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Discuss the main types of end point used in toxicity testing in cellular system ,indicating how they can be incorporated into ti - Essay Example

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Non-animal Methods for Toxicity Testing Toxicity screening for the myriad of compounds developed and released annually to the public has come a long way since the concept has been developed. For a much longer time animal models were mostly used in these screenings due to their short lifespans and quicker response to the toxic substances, which are easier to observe in comparison with human subjects (Sass, 2000)…
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Discuss the main types of end point used in toxicity testing in cellular system ,indicating how they can be incorporated into ti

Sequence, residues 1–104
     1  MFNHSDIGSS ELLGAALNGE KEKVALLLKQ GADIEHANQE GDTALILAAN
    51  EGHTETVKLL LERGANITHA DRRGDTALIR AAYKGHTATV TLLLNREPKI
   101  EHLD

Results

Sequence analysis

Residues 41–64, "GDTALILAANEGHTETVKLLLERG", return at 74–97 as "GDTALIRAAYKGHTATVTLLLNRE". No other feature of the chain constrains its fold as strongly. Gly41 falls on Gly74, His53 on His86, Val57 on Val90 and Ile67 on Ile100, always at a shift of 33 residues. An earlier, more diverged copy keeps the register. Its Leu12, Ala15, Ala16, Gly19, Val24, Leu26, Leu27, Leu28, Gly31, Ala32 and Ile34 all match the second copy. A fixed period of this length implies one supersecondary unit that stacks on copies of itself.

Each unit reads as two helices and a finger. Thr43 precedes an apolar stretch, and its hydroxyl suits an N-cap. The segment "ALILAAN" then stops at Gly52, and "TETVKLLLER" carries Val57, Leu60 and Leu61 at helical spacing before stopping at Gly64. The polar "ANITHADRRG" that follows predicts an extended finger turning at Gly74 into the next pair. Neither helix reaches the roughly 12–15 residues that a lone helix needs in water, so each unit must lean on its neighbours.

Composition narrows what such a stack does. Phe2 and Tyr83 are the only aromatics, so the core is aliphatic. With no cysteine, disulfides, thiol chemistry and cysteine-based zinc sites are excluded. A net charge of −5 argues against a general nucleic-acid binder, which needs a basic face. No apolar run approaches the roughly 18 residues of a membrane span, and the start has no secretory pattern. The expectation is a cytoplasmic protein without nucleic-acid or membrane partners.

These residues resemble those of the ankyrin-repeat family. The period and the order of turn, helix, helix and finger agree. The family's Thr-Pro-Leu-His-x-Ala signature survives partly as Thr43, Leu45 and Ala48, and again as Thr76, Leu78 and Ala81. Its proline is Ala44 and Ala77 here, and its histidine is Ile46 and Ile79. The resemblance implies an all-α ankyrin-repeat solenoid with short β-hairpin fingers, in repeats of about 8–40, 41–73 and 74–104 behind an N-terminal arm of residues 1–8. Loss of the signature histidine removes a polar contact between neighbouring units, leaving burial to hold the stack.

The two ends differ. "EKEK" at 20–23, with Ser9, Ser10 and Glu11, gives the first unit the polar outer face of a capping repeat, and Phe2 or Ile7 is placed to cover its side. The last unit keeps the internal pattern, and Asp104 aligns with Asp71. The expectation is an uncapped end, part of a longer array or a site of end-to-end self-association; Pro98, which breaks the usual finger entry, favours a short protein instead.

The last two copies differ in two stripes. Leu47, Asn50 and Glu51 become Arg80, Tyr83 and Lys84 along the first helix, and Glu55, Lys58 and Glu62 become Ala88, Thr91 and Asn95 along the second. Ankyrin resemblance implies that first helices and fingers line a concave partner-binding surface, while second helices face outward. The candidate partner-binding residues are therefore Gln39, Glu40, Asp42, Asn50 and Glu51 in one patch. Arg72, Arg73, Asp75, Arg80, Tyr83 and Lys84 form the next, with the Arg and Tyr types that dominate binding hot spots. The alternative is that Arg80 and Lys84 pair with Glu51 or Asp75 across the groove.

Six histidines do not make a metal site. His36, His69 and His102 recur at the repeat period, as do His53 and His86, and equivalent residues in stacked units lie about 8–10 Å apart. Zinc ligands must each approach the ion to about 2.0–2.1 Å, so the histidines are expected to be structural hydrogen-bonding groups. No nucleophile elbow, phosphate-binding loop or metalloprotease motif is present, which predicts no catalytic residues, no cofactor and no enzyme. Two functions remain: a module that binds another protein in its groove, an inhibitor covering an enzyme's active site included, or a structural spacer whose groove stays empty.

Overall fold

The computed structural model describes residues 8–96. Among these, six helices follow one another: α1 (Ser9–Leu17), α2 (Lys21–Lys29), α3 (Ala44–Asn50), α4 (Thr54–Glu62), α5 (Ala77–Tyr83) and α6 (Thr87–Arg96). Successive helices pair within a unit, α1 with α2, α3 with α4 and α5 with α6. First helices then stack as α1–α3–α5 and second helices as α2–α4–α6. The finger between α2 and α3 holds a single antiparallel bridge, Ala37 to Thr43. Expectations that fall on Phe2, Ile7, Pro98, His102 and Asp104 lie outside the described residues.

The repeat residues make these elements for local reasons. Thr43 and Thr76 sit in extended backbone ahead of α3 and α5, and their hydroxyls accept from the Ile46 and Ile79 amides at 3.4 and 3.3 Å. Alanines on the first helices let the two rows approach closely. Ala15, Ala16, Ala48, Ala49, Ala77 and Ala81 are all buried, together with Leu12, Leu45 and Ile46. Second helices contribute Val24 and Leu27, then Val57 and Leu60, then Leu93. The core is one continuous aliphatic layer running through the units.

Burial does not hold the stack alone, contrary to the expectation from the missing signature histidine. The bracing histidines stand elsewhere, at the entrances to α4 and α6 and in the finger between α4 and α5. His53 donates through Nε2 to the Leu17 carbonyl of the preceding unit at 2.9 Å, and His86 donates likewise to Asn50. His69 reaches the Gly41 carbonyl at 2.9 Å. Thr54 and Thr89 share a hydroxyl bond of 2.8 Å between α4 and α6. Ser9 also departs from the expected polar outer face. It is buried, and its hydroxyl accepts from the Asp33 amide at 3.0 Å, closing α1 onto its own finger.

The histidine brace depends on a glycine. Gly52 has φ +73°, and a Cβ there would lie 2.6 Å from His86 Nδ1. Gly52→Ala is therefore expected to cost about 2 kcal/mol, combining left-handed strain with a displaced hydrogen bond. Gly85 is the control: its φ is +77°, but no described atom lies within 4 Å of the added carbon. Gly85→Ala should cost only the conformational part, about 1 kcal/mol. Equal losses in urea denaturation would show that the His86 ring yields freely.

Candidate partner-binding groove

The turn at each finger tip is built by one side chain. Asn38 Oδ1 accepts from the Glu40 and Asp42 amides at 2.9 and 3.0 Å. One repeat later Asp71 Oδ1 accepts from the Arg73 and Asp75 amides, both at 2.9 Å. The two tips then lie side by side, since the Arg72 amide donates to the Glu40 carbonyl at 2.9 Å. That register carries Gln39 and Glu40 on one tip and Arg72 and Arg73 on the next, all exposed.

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Non-animal Methods for Toxi Testing Toxi screening for the myriad of compounds developed and released annually to the public has come a longway since the concept has been developed. For a much longer time animal models were mostly used in these screenings due to their short lifespans and quicker response to the toxic substances, which are easier to observe in comparison with human subjects (Sass, 2000). However, in recent years there has been a considerable increase in pressure of developing toxicity tests that bear greater semblance to human cellular systems due to rising issues in using animals such as the humane treatment of animals, the costs for maintaining and breeding the test animals, related problems such as incompatibility with human cellular systems (i.e. inbreeding of animals, gender/species differences, in turn causing differences in pharmacologic or toxin mode of actions), unrealistic dosages of toxins, small test populations, inefficiencies in obtaining sound results and the lack of other human factors such as diseases in the test subjects (Knight, 2008, p.214). The combination of inefficiencies and expenses that occur as the result of the need to comply with toxicity tests cause the release of chemicals that had little to no proper toxicity tests, and can be potentially lethal to users (Rotroff, et al., 2010). As a result, other non-animal solutions were developed, which use mostly cells and cultures in vitro, and in turn can expect faster results that better resemble human cellular processes (Andersen and Krewski, 2009). Despite these outlooks, other setbacks in the use of alternative methods of toxicity testing can still occur such as optimisation and standardisation of methods, validation of the results, and the relative expenses of performing only small to medium loads in assays especially with regards to automated processes such as sampling and readings (Wetmore, et al. 2012). Still, the use of cell lines in cell-based toxicity screening assays seem promising through the use of in vitro tests with increased loads in assay while using viable cells such as primary cells, immortalised cell lines, human cells and stem cell-derived systems, and these can improve both outcome paces and predictive value of the tests in relation to human cell system toxicity (Basketter, et al., 2012; Riss and Moravec, 2004). A point to consider when opting for cell-based toxicity assays is the expected endpoints of the tests, which are dependent on the objectives of the test, whether these tests are cost-effective, if the tests can provide high throughput results, the degree of uniformity needed in the cell assays, and reliability or reproducibility of the results (Judson, et al., 2013).For example, there are some assays which use viable cell counts to determine toxicity of chemicals, such as the use of basal cell culture for in vitro cytotoxicity tests. These tests determine cytotoxicity in chemicals without any information yet, and as such can be used to rank them in terms of potential toxicity based on observed cell deaths (Ekwall, et al., 1990). Because these tests mostly rely on cell counts and finding out the viability of the cells, results can be gathered in shorter time in comparison with other kinds of tests. In addition, the results can be predicted based on the known chemical structures of the chemical, and thus it can also be used as a confirmatory test. However because there has been much greater emphasis on biochemical pathways of toxic chemicals, establishing the lowest amount that could possibly cause cellular events and how these chemicals affect reproductive and developmental processes, the use of cytotoxicity has been determined to be insufficient in establishing chemical dosage rates(Basketter, et al., 2012, p.18). Another example of an in vitro assay that relies on primary cell lines, using neurotoxicity as an endpoint is the development of central nervous system (CNS) tissues using proliferation assays to observe cellular interactions and how neurotoxicity occurs (van Liet, 2010, p. 20). While there were developments and ease in observing how metals and pesticides can affect neurodevelopment and chemical signalling among cells within a CNS system, using this assay itself has proven to be rather tedious due to the complexities in culturing CNS tissues, uniformity of cellular responses and the need for additional tests to find out whether or not aggregated cultures can provide similar results to monolayer cells (Basketter, et al., 2012). These issues can affect the outcome of toxicity assays using CNS cells, and unless standardisation of methods can be done this kind of assay may not be as cost-effective among other toxicity assays. Lastly, in vitro metabolic assays such as hepatocellular metabolism with organ toxicity as endpoint are used, using factors such as liver blood flow, association and dissociation rates of chemicals to plasma proteins, kinetics of hepatocellular uptake and metabolism of the chemical in question. These must first be identified before proceeding to toxicity tests in order to take into account in vivo absorption rates of the chemical along with other factors that can affect dosage response such as the composition of the culture media and how the chemical binds to surfaces, thereby increasing the efficiency of the test (Basketter, et al., 2012, p. 216). However because liver cells produce relatively similar results in toxicity tests and in turn allows predictability of metabolism and pharmacokinetic mechanisms, hepatocellular metabolism assays are considered to be cost-efficient and are thus good endpoints for assessing chemical toxicity. The use of in vitro methods in using cell-based toxicity assays seem promising due to faster results compared with using animal in vivo cells, and in turn the results of such tests have greater semblance to how these potential toxic substances can affect the human body. But in order to increase cost-effectiveness of these in vitro tests considerations such as test objectives, endpoints used, standardisation of methods and validation procedures must be taken into account in order to perform tests suitable to needs. This is because cell lines, especially undifferentiated cells may have variability in terms of proliferation and growth even without the addition of the chemicals, and without such prior knowledge false-negatives or false-positives can arise, leading to inaccuracies with the labelling of the chemicals. Despite these issues, the use of such methods can remove issues from the use of animal models such as incompatibility with human cellular systems, inhumane treatment of test animals, costs in breeding and maintenance, lack of additional disease factors, size of test populations, etc., which contribute to lesser toxicity assays of chemicals and in turn increases the number of potentially lethal products in the market. Because of the health impact of the lack of proper toxicity measurements for the growing number of synthesised compounds annually, there has been an increase in the lobbying and pressuring in the usage of human cell lines in toxicity assays, which entails agencies to work together in improving previous methods of determining chemical toxicity. Bibliography Andersen, M. E., and Krewski, D. 2009. Toxicity testing in the 21st century: bringing the vision to life. Toxicological Sciences, 107(2), pp. 324-330. Basketter, D. A., Clewell, H., Kimber, I., Rossi, A., Blaauboer, B., Burrier, R., ... and Hartung, T. 2012. t (4) Report A Roadmap for the Development of Alternative (Non-Animal) Methods for Systemic Toxicity Testing. ALTEX, 29(1), pp.3-91. Ekwall, B., Silano, V., Paganuzzi-Stammati, A. and Zucco, F. 1990. Toxicity tests with mammalian cell cultures. In: Bourdeau P, Somers E, Richardson GM and Hickman JR, eds. Short-term toxicity tests for non-genotoxic effects. New York: John Wiley & Sons, Inc., pp. 75-97. Judson, R., Kavlock, R., Martin, M., Reif, D., Houck, K., Knudsen, T., ... and Dix, D. 2013. Perspectives on validation of high-throughput assays supporting 21st century toxicity testing. ALTEX, 30(1), pp. 51-66. Knight, A. 2008. Non-animal methodologies within biomedical research and toxicity testing. ALTEX, 25(3), pp. 213-231. Riss, T. L., and Moravec, R. A. 2004. Use of multiple assay endpoints to investigate the effects of incubation time, dose of toxin, and plating density in cell-based cytotoxicity assays. Assay and Drug Development Technologies, 2(1), pp. 51-62. Rotroff, D. M., Wetmore, B. A., Dix, D. J., Ferguson, S. S., Clewell, H. J., Houck, K. A., ... and Thomas, R. S. 2010. Incorporating human dosimetry and exposure into high-throughput in vitro toxicity screening. Toxicological Sciences, 117(2), pp. 348-358. Sass, N. 2000. Humane endpoints and acute toxicity screening. ILAR Journals, 41(2), pp. 114-123. van Liet, E. 2010. Current standing and future prospects for the technologies proposed to transform toxicity testing in the 21st century. ALTEX, 28(1), pp.17-35. Wetmore, B. A., Wambaugh, J. F., Ferguson, S. S., Sochaski, M. A., Rotroff, D. M., Freeman, K., ... and Thomas, R. S. 2012. Integration of dosimetry, exposure, and high-throughput screening data in chemical toxicity assessment. Toxicological Sciences, 125(1), pp. 157-174. 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